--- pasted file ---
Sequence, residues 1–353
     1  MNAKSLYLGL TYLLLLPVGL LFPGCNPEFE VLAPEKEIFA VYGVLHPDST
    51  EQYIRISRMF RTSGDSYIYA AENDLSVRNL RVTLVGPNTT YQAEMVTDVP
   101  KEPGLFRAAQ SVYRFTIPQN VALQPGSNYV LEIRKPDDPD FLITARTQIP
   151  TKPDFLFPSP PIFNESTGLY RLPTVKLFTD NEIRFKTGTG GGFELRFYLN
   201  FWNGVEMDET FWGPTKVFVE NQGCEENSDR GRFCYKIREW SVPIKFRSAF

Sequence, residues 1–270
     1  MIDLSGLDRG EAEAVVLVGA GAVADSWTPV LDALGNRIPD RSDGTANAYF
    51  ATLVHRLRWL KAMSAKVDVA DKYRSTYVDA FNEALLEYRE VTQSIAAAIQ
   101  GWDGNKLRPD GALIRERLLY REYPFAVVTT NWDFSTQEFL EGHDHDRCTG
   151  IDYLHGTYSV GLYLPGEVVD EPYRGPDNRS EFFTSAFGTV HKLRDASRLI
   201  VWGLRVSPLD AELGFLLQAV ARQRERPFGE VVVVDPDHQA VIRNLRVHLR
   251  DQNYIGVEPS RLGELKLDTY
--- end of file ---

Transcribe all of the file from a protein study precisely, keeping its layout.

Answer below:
Sequence, residues 1–353
     1  MNAKSLYLGL TYLLLLPVGL LFPGCNPEFE VLAPEKEIFA VYGVLHPDST
    51  EQYIRISRMF RTSGDSYIYA AENDLSVRNL RVTLVGPNTT YQAEMVTDVP
   101  KEPGLFRAAQ SVYRFTIPQN VALQPGSNYV LEIRKPDDPD FLITARTQIP
   151  TKPDFLFPSP PIFNESTGLY RLPTVKLFTD NEIRFKTGTG GGFELRFYLN
   201  FWNGVEMDET FWGPTKVFVE NQGCEENSDR GRFCYKIREW SVPIKFRSAF

Sequence, residues 1–270
     1  MIDLSGLDRG EAEAVVLVGA GAVADSWTPV LDALGNRIPD RSDGTANAYF
    51  ATLVHRLRWL KAMSAKVDVA DKYRSTYVDA FNEALLEYRE VTQSIAAAIQ
   101  GWDGNKLRPD GALIRERLLY REYPFAVVTT NWDFSTQEFL EGHDHDRCTG
   151  IDYLHGTYSV GLYLPGEVVD EPYRGPDNRS EFFTSAFGTV HKLRDASRLI
   201  VWGLRVSPLD AELGFLLQAV ARQRERPFGE VVVVDPDHQA VIRNLRVHLR
   251  DQNYIGVEPS RLGELKLDTY